The US Court of Appeals for the Seventh Circuit in SEC v. National Presto Industries, No. 05-4612 (7th Cir. May 15, 2007) ruled against the SEC in an appeal from a district court decision that a company was an inadvertent investment company. The ruling addresses the issues of when companies that conduct business operations while holding significant investment securities risk becoming an inadvertent investment company, subject to registration under the 1940 Act.

An investment company is an issuer that is or holds itself out as being engaged primarily in the business of investing, reinvesting, or trading in securities. A company is also an investment company, and required to register as such with the SEC, if it holds investment securities having a value exceeding 40% of the value of its total assets (exclusive of Government securities and cash items) on an unconsolidated basis, unless it is primarily engaged in a business or businesses other than that of investing, reinvesting, owning, holding, or trading in securities (or another exception from the definition is available). A company can seek an order from the SEC that it is primarily engaged in a non-investment company business, and many companies with substantial financial reserves do so as a precaution.

National Presto Industries sells cookware. It sold its cookware plants. It has acquired some operating companies with a portion of the proceeds from the sales, but it continues to have most of its assets in investment securities, from which it derives much of its income. The SEC in 2002 brought an action against National Presto as an unregistered investment company, and the district court in 2005 granted the SEC summary judgment and ordered the company to register. National Presto appealed to the Seventh Circuit.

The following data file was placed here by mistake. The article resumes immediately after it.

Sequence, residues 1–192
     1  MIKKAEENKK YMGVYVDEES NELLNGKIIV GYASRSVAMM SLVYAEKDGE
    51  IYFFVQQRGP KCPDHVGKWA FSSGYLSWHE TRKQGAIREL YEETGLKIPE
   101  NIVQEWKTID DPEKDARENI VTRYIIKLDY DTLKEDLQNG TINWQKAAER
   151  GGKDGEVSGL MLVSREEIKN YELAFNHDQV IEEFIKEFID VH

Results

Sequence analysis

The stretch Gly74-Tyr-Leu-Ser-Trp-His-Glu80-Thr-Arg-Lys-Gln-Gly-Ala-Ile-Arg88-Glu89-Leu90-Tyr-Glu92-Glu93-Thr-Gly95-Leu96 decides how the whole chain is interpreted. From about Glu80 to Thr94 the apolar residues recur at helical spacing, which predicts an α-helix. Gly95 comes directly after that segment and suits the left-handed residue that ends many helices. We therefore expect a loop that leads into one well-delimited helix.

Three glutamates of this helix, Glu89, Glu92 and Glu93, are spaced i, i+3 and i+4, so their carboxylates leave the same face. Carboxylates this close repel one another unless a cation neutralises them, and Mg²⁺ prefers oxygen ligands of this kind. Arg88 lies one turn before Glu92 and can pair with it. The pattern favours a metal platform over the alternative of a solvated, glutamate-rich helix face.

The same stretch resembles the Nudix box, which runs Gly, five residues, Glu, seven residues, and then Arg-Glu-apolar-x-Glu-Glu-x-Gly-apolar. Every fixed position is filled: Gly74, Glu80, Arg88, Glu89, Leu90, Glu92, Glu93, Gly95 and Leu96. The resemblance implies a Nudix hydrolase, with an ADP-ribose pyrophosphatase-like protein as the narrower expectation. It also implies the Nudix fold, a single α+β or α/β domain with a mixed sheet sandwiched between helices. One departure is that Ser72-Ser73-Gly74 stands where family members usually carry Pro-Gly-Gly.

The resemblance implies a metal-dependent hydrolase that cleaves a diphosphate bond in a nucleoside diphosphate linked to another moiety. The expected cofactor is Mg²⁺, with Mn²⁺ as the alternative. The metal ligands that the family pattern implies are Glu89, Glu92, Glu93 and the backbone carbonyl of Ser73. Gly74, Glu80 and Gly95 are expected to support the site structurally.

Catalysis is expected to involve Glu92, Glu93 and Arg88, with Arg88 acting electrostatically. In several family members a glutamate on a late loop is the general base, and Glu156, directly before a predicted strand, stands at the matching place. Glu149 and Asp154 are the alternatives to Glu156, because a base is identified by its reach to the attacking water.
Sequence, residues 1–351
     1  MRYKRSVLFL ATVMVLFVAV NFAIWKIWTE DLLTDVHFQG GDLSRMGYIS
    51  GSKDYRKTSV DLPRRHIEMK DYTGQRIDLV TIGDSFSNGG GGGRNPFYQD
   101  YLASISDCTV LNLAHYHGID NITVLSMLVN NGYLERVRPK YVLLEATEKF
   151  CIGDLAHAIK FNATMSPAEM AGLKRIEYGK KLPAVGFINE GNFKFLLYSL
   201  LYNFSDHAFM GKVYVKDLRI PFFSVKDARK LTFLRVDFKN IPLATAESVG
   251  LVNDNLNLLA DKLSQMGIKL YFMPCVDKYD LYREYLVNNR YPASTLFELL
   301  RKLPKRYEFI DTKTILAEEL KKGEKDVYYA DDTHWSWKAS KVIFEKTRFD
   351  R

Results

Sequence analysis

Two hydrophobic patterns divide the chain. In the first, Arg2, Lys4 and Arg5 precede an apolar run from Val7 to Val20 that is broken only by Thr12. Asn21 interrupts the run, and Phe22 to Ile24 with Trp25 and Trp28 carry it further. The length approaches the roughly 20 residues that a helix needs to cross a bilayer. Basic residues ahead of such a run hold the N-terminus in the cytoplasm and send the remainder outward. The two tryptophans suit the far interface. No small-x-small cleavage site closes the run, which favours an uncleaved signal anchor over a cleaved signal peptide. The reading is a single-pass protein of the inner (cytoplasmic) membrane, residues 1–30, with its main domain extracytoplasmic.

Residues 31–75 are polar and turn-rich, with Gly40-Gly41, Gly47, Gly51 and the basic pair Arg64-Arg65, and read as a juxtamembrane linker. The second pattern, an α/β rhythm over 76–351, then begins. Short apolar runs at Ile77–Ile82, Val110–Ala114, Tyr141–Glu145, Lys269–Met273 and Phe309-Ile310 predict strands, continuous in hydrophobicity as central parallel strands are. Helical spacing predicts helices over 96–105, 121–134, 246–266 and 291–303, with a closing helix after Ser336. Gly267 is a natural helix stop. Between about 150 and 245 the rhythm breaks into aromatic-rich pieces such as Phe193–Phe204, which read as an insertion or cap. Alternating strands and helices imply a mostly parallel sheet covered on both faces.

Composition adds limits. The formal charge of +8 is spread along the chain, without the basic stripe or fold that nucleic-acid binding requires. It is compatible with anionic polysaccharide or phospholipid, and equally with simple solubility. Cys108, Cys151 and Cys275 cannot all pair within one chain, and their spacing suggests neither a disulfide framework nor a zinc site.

The SEC noted that the principal relevant considerations established by courts and the SEC in determining whether an issuer is principally engaged in a non-investment company business are (1) the company's historical development; (2) its public representations of policy; (3) the activities of its officers and directors; and, most important, (4) the nature of its present assets; and (5) the sources of its present income. The SEC cited Tonopah Mining Co., 26 S.E.C. 426 (1947). After ruling that National Presto's securities holdings were in fact investment securities, the Seventh Circuit said that all of these factors, except the nature of its assets, argued against investment company status. The court further stated that "what principally matters is the beliefs the company is likely to induce in investors. Will its portfolio and activities lead investors to treat a firm as an investment vehicle or as an operating enterprise?" The court concluded that reasonable investors would treat National Presto, which earned over 60% of its net income from operating sources in the past three years, as an operating company rather than a closed-end fund. The court's analysis implies that if a company gets more than half of its net profits from non-investment sources, the income factor will support non-investment company status.

National Presto, which had registered as an investment company with the SEC, is free to drop its 1940 Act registration without SEC approval.

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